I think that God is the result of society’s need for cohesion in the face of bigger enemies. She has an actual place in our brains, which scientists sweetly call the God-spot, an evolutionary result of needing to balance the survival of the group with the survival of the self. Humans’ two greatest assets, the key to our dominance – our reasonably well-timed selfishness and selflessness. The group and the individual, always in tension with each other.

Now, as religions fade and politics is a sham of self-interested groups, as public spaces become advertising arenas, art unbounded is so very, very necessary. The things we need to pull the pendulum back to the group: community gardens, where we can play out our natural animosity and find our collaborative pecking order. Libraries, where we can feel glad we pay our taxes. Parks, where we can sit with strangers and not feel the need to kill each other. And the excess; the unnecessary; the stuff that makes us laugh and delight. Art. Places where we are safe from the self (our own or other people’s) are shrinking. We need to breathe air into our souls that we didn’t pay for. We need the gift of art to be preserved.

 

 

 

 

 

 

 

Sleeping alone

I sleep alone. I am beautifully, deeply, very married to a man who doesn’t take it personally. I tell people that it is because he is a snorer and I am a light sleeper, both of which is true. But as we all know, there can be more than one truth which relates to an event, either causally or by correlation.

(I never lie. I prefer to call it “summarising.”)

There was one time I remember when I slept with another person. It was 20 years ago and it lasted more than one hour, less than three. It was so completely unexpected – that is not the sort of thing I do. I was the person who could not casually allow a girl or boy friend to crash on the other side of my double bed when I was at uni and everyone sought to be as casual as possible about everything, even big things. (I lacked perspective). I would let them in to my bed, determined to be relaxed, then lie, stiff, alert; for what? A move towards intimacy if it was a boy friend; a call on my duties as hostess if it was a girl.

I don’t remember falling asleep, of course. I remember waking up. I looked up at the ceiling of Frankfurt airport. My friend sat peacefully, my head on her lap, looking around, not in any particular hurry. Multiple miracles: that she was still here, when I had tearfully farewelled her only hours ago, she for the US, me for Australia, our year of desperation (student exchange) over. The things I felt: total and deep peace. I was so completely and surprisingly safe. Wonder: I was completely and surprisingly safe, asleep in the most vulnerable position I could imagine – asleep, in a public place, at the end of happiness, at the beginning of 48 hours flying “home.”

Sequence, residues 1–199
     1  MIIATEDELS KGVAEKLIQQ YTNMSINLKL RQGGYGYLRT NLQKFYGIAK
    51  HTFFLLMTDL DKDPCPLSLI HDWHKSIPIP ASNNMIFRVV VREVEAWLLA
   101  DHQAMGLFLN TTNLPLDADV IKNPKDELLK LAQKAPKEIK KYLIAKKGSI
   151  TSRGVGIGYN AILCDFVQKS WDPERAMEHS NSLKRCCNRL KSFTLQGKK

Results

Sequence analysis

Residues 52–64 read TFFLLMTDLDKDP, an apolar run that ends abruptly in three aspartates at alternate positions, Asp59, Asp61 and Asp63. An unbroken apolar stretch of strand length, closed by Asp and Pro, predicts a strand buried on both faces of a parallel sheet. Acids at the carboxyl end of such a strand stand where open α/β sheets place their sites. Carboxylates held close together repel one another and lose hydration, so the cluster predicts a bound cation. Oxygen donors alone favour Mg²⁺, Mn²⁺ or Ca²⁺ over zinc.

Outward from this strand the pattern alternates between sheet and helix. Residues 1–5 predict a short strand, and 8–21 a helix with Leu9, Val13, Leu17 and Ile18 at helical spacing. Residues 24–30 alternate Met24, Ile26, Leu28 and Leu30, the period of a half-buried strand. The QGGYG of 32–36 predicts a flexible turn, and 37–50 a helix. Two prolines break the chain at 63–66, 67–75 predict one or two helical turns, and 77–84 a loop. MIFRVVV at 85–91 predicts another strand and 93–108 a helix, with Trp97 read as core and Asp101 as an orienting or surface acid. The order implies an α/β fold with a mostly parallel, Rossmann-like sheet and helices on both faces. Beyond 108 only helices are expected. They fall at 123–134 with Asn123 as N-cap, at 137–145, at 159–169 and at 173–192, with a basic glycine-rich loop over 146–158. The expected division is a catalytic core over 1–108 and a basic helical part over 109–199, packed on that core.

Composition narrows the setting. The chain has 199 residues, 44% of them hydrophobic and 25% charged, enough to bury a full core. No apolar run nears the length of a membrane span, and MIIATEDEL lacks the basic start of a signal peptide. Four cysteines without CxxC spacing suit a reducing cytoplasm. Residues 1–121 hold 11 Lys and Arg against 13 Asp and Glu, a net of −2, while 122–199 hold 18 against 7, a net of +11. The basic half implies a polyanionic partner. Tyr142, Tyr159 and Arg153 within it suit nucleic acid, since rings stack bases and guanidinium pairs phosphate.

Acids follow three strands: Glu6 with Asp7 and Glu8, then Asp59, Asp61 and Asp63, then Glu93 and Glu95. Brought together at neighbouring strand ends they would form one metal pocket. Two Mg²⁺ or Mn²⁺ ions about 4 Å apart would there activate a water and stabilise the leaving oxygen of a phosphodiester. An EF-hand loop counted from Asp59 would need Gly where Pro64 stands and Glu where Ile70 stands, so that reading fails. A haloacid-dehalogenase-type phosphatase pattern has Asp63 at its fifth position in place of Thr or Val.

I thought I would curse myself for wasting my last hours with my friend asleep. But I have never regretted it. This miracle. This gift. So many things have faded, but this has not. The sheer, pure wonder and the feeling of waking up, unharmed against all expectation.

I wonder at people who can sleep next to the person they love, every night. I wonder if they wake feeling such deep nourishment every day. I wonder about what I am missing.

I think I should perhaps try again. But I tell myself, and it is true, causally, correlatively, there is never a good time in our busy lives to conduct an experiment which involves losing nights of sleep.

My husband now has a snoring machine, and I have tailor made ear plugs from a cheery audiologist who wished me good luck. Last time we travelled, I slept in the same room and it was ok. It was OK. There was an alertness, but still.

I try not to think about this in terms of progress. And I try not to think about what buried bones make me so alert in my sleep. Maybe nothing. Maybe something. I try not to think.

It was so unexpected: waking, seeing the ceiling, then realising what I had just done. Wonder at myself. Love for her. I only saw her once again in my life. I googled her, but there is no trace. I do not think I will ever see her again.

It was the result of a strange combination of utter exhaustion and bonus time. A gift. Extra, spent in a miracle. Sleep like that is pure luxury: in broad daylight, in public, with someone you may never see again and love desperately because of it. There is nothing of need or functionality about it. It is pure excess, which is why it stays with me, year after year, as close as I have to an experience of mystery, of total surrender, of encompassing peace. Of god.